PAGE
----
Further, unlike comparable secular jobs, many pastors are underpaid with little material support. “Less straw, more bricks” is a reality for most employees but the “bricks” that pastors are supposed to produce are not always quantifiable and when they are (e.g., buildings, bodies, and budgets). Lots of pastors do a little of everything from cleaning the church, mowing the church lawn, and making the bulletin.
Bearing One Another’s Burdens
There is not a lot of data of clergy suicide. As of 2017 the national suicide rate in the USA is on the rise and pastors are not immune to the temptation of suicide so it stands o reason that we might expect to see a rise in clergy suicides.
How should the visible church respond? In Galatians 6:2, the Apostle Paul exhorts us to “bear one another’s burdens.” This, he says is how we “fulfill the law of Christ.” Paul was not, as some imagine, setting up a new law (as distinct from the moral law, i.e., the Ten Commandments). This is the moral law: “love your neighbor as yourself” (Matt 22:39). When we bear one another’s burdens we are loving our neighbor as ourselves. This is a particular challenge in our hyper-individualized culture and in culture in which we communicate with each other electronically rather than face-to-face. A comment that might have been interpreted one way face-to-face, made electronically (e.g., by text) might become a source of great consternation and even worry. “What did he mean by that? Why did he say that?” This is especially true for those of us given to performance-based anxiety.
How can we bear one another’s burdens? The answer is ANGEL:
Being aware that your pastor is a sinful human that God has called to full-time ministry, that he struggles with the same kinds of sins with which you struggle, that on Mondays he may be full of self-recrimination about yesterday (“Why did I say that?”), that he hears and sees things, sometimes really dark things, about which you will never know (if you are fortunate) is the first step.
The Apostle Paul was not ashamed to ask for prayer. To the Thessalonian congregation he wrote simply, “Brothers, pray for us” (1 Thess 5:25; ESV). The pastor to the Hebrew Christian congregation asked for prayer, “Pray for us, for we are sure that we have a clear conscience, desiring to act honorably in all things” (Heb 13:18; ESV). Pray for your pastor and ruling elders. They are praying for you. I am deeply humbled and grateful to know that saints whose names I will likely never know are praying for me. Sometimes people write to tell and and it floors me every time. Your pastor is in a spiritual struggle and the Evil One would like nothing more than to damage the Kingdom and the Savior by removing another faithful shepherd from the flock.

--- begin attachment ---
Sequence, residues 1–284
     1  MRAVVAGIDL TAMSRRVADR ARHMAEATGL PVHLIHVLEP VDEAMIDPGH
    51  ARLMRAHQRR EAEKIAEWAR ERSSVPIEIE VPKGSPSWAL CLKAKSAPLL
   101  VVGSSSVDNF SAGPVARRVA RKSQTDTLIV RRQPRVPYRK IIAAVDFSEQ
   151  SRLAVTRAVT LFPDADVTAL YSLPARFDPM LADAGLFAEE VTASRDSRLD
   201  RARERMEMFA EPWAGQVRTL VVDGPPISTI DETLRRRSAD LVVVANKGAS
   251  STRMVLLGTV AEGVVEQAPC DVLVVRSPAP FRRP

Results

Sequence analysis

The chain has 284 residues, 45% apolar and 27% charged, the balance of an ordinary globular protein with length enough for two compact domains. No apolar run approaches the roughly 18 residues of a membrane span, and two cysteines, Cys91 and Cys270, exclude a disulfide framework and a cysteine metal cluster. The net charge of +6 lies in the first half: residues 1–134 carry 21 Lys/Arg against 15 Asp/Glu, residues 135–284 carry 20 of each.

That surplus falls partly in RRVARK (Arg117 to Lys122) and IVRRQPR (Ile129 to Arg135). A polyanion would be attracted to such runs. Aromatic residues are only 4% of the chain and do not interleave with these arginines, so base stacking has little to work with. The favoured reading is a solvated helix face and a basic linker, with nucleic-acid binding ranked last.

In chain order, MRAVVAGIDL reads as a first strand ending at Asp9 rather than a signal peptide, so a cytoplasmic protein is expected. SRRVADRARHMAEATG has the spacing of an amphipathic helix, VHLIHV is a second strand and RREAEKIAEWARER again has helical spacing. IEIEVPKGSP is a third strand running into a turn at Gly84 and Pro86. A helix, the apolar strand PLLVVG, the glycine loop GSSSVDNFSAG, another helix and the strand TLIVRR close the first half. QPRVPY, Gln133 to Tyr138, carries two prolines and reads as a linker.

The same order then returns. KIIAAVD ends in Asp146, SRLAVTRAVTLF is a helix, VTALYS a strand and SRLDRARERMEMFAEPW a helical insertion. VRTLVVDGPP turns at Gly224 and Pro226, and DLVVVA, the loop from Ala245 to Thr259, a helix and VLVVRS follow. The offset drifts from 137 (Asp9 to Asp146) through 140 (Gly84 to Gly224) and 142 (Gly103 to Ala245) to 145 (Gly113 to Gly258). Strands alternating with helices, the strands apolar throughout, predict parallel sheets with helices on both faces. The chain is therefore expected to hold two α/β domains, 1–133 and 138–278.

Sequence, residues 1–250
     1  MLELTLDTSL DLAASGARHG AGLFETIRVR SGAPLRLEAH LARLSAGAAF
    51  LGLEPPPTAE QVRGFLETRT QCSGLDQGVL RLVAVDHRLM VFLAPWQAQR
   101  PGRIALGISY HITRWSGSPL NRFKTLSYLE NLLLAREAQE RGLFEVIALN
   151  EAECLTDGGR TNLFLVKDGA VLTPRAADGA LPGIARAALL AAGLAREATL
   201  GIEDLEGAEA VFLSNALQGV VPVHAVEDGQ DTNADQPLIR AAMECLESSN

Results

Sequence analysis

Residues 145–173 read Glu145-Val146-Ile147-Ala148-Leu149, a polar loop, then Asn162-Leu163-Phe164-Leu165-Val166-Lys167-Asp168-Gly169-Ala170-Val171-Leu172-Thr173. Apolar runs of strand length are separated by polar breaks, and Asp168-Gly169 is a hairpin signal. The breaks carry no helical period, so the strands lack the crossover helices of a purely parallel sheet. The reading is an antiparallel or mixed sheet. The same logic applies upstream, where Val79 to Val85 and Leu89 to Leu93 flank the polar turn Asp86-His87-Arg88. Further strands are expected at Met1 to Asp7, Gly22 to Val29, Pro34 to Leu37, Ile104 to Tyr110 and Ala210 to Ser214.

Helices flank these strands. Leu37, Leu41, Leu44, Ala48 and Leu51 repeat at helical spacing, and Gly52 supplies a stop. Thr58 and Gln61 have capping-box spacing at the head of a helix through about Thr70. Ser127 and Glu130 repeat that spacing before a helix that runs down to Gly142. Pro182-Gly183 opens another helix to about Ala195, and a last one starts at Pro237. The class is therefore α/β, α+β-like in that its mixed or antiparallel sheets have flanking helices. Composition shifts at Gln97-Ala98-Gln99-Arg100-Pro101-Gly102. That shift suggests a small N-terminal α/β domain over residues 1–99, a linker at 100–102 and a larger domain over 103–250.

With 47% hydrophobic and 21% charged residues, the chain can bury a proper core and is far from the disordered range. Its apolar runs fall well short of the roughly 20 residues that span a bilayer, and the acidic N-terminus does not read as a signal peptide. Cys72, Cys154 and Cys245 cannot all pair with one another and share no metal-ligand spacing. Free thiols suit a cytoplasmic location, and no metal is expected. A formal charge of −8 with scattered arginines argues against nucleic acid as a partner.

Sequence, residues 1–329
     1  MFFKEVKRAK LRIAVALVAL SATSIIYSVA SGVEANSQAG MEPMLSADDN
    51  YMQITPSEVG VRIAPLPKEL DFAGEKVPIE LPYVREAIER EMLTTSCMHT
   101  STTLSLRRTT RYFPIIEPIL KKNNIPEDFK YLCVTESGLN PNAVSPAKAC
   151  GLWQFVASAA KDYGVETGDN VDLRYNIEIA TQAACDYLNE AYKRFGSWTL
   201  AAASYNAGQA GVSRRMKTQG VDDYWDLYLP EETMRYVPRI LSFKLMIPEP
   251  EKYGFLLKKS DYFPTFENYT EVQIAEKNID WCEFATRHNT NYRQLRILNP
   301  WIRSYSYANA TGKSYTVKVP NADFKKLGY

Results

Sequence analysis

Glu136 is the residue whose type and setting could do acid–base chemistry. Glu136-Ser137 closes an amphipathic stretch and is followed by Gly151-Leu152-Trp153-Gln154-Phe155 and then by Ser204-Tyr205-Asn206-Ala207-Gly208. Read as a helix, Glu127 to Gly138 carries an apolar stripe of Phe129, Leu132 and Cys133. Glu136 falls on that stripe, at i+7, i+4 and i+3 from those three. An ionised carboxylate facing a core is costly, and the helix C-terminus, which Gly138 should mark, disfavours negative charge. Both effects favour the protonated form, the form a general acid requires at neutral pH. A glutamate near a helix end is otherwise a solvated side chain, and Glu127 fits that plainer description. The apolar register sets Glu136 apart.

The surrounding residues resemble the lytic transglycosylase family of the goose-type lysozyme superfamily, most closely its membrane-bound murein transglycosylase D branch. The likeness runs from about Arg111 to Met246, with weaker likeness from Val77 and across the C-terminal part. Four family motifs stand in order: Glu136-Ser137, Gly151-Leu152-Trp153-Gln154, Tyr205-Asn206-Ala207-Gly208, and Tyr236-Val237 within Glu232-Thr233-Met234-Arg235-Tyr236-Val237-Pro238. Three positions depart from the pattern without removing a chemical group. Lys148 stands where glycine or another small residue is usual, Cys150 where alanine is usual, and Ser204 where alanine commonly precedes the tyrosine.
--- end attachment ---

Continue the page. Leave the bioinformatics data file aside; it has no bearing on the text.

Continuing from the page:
Your pastor knows that he is a sinner. Of course, if he is impenitent about his sins, e.g., if he is a drunk, lazy or a thief (e.g., a plagiarist; see “lazy”) then he needs to be disciplined by his elders. If they refuse, then they need to be disciplined by their Classis or Presbytery. If they refuse then they need to be corrected by General Assembly or Synod (Matt 18:17). Most of the time, however, what pastors need is grace, unconditional acceptance. They do not tell others that they are struggling, let alone how they struggle for fear that they will disappoint those whom they serve. In this way it is easy to turn the ministry into a covenant of works. Under a covenant of works, sin is not permitted because “the day you eat thereof you shall surely die” (Gen 2:17). Under a covenant of grace, the church regards all her members as sinners redeemed by God’s unconditional favor (grace) alone, through resting in, trusting, and leaning on Christ (faith) and in his finished work for his people. When a pastor is confident that he is regarded as a fellow sinner saved by grace alone, through faith alone, he is more likely to share that he is burdened, that he is struggling, even if he cannot always say why or how he is. Where the ethos of a congregation is essentially legal, where one’s standing is a matter not of grace but of law, where the minister is expected to be without sins, he is rather less likely to jeopardize his livelihood and family’s welfare by admitting that he struggles.